Tuesday, February 01, 2005

Subjective Reality?

"It's not just tastes that are subjective - to a great extent it's EVERYTHING. To each of us, the universe is nothing more than a series of sensory inputs. As we take in different inputs, our universe changes. If we don't hear that tree falling in the forest, for us it literally doesn't fall."

If you don't look at the Moon it's still there. If you've never seen the Amazon rainforest, it exists there regardless. Your assertion that everything is subjective is just plain wrong. In that case there is no purpose at all in criminal cases as you can be just as guilty as the one who actually killed the man. There is no purpose to science as the results of your experiments are just as meaningful as opposite results or no results. I totally reject that assertion. The people may see things differently and in their own minds have subjective opinions - but that doesn't change the objective facts.

"Quantum mechanics deals with the idea that observation is literally affected by the act of observance. Are you familiar with Schroedingers cat? Until you open that box, it exists in a limbo between life and death."

No, actually this is a common misconception about Schrodinger's cat _paradox_. The point of this story is to show that the conscious observer determines reality hypothesis is absurd. How can a cat be both dead and alive at the same time? The conclusion is that any physical object capable of being affected by the collapse of the wave function is an "observer." This is just as well done by the nucleus of the decayed atom which changed as could be done by a conscious human observer. The human observer can just verify if the atom decayed or not.

Indeed, there have been actual experiments done which prove the observor determination hypothesis wrong. It has to do with spontaneous uranium atom decay. The decay forces nuclei flying apart into some surrounding material. The amount of decay is measured indirectly by counting the number of tracked lines formed by the ejected nuclei in the material. Yet if it is the observer which determines that rate, how could it be measured by already existing lines?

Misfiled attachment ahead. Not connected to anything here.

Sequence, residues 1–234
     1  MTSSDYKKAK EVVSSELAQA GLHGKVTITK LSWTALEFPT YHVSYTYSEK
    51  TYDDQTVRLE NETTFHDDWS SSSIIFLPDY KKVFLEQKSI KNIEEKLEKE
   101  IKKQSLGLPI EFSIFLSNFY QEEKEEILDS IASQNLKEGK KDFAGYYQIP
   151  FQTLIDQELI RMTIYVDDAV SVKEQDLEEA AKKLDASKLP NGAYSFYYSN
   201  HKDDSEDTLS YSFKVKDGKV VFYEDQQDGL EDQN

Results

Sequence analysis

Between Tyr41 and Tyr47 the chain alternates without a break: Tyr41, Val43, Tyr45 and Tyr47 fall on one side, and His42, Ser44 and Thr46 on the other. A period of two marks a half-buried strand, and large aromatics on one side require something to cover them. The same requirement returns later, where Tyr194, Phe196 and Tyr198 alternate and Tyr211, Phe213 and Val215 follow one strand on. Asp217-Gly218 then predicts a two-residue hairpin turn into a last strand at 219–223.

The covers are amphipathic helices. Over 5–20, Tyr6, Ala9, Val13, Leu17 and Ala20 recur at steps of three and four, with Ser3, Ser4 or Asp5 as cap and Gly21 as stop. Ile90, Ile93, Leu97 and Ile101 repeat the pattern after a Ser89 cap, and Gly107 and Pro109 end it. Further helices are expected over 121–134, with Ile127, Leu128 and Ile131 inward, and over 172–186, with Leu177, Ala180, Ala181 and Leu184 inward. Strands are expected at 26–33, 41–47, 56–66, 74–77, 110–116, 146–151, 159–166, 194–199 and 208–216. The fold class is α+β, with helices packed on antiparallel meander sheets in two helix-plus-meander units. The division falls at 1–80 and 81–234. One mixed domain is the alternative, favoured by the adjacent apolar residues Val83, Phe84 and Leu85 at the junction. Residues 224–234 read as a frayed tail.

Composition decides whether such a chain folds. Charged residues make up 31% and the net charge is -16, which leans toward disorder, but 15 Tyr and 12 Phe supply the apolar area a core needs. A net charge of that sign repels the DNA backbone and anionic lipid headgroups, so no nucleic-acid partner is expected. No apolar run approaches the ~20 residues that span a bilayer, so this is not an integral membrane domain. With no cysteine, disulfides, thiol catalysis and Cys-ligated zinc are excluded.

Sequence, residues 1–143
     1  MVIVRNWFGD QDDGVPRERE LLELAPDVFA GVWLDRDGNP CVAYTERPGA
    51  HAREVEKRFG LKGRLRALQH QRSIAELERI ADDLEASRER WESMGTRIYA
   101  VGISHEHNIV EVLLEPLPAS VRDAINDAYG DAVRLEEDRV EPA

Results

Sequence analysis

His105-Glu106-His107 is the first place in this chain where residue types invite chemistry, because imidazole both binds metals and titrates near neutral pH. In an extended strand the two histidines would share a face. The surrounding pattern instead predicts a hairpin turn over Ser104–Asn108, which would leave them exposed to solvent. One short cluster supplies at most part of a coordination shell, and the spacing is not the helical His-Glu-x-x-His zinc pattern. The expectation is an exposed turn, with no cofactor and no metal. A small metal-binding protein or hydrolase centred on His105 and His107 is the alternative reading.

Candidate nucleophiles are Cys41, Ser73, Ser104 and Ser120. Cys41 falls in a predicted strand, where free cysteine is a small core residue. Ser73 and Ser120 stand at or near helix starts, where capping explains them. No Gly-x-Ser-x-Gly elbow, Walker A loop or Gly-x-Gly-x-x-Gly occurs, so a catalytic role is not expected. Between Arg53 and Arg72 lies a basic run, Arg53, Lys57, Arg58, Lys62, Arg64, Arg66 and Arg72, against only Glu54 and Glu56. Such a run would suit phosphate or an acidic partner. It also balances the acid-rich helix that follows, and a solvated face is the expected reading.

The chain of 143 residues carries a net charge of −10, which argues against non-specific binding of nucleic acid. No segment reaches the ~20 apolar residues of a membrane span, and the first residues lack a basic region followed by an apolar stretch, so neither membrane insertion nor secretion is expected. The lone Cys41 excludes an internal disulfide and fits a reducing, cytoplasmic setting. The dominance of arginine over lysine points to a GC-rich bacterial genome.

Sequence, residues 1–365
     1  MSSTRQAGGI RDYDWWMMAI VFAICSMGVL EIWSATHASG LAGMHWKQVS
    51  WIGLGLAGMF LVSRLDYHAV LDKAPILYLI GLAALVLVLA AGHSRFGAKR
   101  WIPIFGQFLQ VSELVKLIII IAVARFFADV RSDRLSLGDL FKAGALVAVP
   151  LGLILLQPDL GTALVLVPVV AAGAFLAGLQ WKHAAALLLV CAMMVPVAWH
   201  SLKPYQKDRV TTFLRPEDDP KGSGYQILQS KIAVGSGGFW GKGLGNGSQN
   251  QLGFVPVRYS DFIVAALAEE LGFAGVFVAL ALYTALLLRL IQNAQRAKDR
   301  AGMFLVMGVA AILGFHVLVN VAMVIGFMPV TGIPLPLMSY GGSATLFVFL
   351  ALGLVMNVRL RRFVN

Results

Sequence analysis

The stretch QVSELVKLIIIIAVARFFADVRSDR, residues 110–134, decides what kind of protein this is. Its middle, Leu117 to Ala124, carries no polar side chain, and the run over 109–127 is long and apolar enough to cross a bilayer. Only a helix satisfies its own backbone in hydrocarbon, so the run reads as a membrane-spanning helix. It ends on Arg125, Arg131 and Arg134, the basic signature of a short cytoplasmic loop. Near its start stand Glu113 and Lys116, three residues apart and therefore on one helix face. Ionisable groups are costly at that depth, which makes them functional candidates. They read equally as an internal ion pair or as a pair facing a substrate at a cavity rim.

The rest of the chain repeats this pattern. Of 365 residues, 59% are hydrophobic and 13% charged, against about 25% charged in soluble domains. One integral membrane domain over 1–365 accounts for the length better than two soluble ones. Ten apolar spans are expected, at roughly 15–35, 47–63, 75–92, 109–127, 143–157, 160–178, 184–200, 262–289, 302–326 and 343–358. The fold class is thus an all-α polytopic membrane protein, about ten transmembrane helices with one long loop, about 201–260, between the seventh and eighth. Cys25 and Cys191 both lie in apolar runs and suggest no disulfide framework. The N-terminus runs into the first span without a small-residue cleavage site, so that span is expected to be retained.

"I'd suggest that faith occupies a similar place in our universe. While its backed by belief and remains real, all the theories ofevolution and inconsitencies in the torah in the world won't alter it and its potent effects."

The universe exists as it does and it makes no difference to the universe what humanity believes to be true about it. Nothing about human beliefs determine the facts of the physical universe. Just because people used to believe in dragons does not mean dragons ever existed.


Shmuel said...
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Shmuel said...

You misuderstand subjectivity. A subjectivist doesnt assume that certain human experiences will not be shared. (hence science can posit experiments that seem universal) however, a subjectivist recognizes that it is irrelevant to speak of something which your senses cannot validate. The moon and amazon rainforest exist because I saw them in books, movies, or literature which I consider accurate. As a critical thinker I am sure you can appreciate the idea that you will not validate an idea unless you see evidence for it. That is precisely the subjectivist doctrine. You needn't create a reality unless you can validate it. At its core subjecticism is a reductionist philosophy. Sure there might be pink elephants on mars, but is it necessary to believe this?

Orthoprax said...


I doubt that it was in that way that my debatee had meant it since he spoke about faith in a subjective sense. As in, if you believe it then it becomes real for you.

It's basically the inverse of the kind of subjectivism you are talking about.